Thu 27 Oct 2011
Thu 27 Oct 2011
Tue 25 Oct 2011
I am very pleased to officially announce Hac Boston, a Haskell hackathon to be held January 20-22, 2012 at MIT in Cambridge, MA. The hackathon will officially kick off at 2:30 Friday afternoon, and go until 5pm on Sunday with the occasional break for sleep.
Everyone is welcome -- you do not have to be a Haskell guru to attend! Helping hack on someone else's project could be a great way to increase your Haskell skills.
If you plan on coming, please officially register, even if you already put your name on the wiki. Registration, travel, some information about lodging and many other details can now be found on the Hac Boston wiki.
We have confirmed space for about 30 people, so please register early! Beyond that we'll have to either seek additional space or close registration.
We're also looking for a few people interested in giving short (15-20 min.) talks, probably on Saturday afternoon. Anything of interest to the Haskell community is fair game---a project you've been working on, a paper, a quick tutorial. If you'd like to give a talk, add it on the wiki.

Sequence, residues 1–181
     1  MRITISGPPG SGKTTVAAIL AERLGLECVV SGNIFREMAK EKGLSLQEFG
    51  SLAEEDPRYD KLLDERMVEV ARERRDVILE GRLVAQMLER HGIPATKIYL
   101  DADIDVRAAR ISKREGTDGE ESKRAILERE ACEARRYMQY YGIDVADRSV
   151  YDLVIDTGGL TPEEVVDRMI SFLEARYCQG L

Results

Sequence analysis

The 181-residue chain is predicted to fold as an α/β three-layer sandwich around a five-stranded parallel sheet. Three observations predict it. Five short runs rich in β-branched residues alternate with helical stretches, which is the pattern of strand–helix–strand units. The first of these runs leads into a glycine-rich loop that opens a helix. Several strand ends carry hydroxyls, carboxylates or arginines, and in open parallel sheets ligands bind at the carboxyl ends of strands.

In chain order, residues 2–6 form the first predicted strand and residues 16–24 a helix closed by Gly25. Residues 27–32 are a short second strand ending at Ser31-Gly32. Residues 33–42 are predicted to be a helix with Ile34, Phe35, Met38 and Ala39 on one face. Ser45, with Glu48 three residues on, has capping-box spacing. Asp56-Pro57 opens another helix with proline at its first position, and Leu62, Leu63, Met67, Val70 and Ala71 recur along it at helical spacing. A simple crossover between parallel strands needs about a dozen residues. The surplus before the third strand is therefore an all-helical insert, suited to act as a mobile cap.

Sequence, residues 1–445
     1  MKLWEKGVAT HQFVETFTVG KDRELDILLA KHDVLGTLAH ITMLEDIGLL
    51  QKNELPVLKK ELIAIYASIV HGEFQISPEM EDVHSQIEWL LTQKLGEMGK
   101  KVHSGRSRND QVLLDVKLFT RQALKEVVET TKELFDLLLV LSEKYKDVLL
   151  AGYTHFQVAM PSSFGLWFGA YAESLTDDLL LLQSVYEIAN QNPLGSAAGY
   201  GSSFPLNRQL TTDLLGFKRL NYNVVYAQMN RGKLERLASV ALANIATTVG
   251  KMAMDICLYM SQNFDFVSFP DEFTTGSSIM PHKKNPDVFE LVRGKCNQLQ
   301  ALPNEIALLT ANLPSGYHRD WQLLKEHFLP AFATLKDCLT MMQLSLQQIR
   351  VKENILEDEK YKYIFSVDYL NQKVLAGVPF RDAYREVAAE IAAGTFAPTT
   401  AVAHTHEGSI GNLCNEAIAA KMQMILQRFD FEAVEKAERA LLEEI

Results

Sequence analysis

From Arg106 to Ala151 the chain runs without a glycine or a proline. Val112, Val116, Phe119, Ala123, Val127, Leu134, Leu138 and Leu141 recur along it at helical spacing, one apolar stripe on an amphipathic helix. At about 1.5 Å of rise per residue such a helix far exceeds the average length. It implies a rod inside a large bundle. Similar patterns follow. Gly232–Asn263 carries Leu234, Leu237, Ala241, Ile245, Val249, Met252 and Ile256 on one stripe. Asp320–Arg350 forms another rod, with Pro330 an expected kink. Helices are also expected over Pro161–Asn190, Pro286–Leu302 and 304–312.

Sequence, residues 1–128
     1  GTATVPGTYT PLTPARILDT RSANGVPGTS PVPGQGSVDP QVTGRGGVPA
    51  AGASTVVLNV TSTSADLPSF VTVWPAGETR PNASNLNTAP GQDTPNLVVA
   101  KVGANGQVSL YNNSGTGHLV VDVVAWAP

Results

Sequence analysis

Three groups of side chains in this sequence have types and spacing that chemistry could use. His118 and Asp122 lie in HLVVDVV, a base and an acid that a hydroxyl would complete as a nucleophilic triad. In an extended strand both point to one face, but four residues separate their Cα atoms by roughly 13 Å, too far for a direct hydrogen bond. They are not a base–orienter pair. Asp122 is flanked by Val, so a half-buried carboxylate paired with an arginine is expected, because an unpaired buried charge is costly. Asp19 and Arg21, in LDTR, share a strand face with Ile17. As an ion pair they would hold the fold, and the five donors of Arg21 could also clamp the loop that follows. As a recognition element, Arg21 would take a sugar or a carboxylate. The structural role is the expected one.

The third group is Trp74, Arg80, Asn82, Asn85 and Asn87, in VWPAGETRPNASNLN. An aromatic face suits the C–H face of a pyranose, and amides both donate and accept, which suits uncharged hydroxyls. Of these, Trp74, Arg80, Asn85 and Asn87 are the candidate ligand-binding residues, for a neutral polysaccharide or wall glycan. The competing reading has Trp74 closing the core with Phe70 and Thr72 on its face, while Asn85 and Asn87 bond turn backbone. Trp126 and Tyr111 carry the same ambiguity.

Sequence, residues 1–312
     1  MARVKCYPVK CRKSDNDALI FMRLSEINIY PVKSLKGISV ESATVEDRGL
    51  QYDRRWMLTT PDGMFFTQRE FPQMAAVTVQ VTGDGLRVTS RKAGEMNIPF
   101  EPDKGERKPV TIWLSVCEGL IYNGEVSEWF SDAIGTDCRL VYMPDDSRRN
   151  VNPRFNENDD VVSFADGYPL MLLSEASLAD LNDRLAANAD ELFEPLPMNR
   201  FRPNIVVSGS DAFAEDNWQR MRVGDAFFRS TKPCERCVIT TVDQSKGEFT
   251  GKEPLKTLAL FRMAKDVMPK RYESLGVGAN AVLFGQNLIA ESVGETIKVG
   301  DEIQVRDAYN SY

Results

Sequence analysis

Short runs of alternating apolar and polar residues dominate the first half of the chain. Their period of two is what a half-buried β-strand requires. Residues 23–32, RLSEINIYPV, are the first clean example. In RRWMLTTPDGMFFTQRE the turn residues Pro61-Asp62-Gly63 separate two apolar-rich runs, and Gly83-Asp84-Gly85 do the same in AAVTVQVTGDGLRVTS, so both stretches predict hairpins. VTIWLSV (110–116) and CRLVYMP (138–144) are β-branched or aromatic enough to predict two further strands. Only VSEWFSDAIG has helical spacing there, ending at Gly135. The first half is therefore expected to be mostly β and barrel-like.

We look forward to seeing you at MIT!
Thu 22 Jul 2010
A couple of days ago, I gave a talk at Boston Haskell about a shiny new speculative evaluation library, speculation on hackage, that I have implemented in Haskell. The implementation is based on the material presented as "Safe Programmable Speculative Parallelism" by Prakash Prabhu, G Ramalingam, and Kapil Vaswani at last month's PLDI.
I've uploaded a copy of my slides here:
Thu 20 May 2010
Thu 29 Apr 2010
I gave a talk last night at Boston Haskell on finger trees.
In particular I spent a lot of time focusing on how to derive the construction of Hinze and Paterson's 2-3 finger trees via an extended detour into a whole menagerie of tree types, and less on particular applications of the final resulting structure.
Tue 15 Sep 2009
I'll be giving a talk tomorrow, Wednesday, September 16th, 2009 at the Boston Haskell User Group in the MIT CSAIL Reading Room (on the 8th floor of the William H. Gates tower of the Stata center) about mixing Oleg's iteratees with parsec and monoids to build practical parallel parsers and to cheaply reparse after local modifications are made to source code.
Ravi is trying to organize some time before hand during which people can get together and work on Haskell projects, or spend some time learning Haskell, so its not all scary academic stuff.
The meeting is scheduled from 7-9pm, and an ever growing number of us have been wandering down to the Cambridge Brewing Company afterwards to hang out and talk.
If you are curious about Haskell, or even an expert, or just happen to be interested in parallel programming and find yourself in the area, come on by.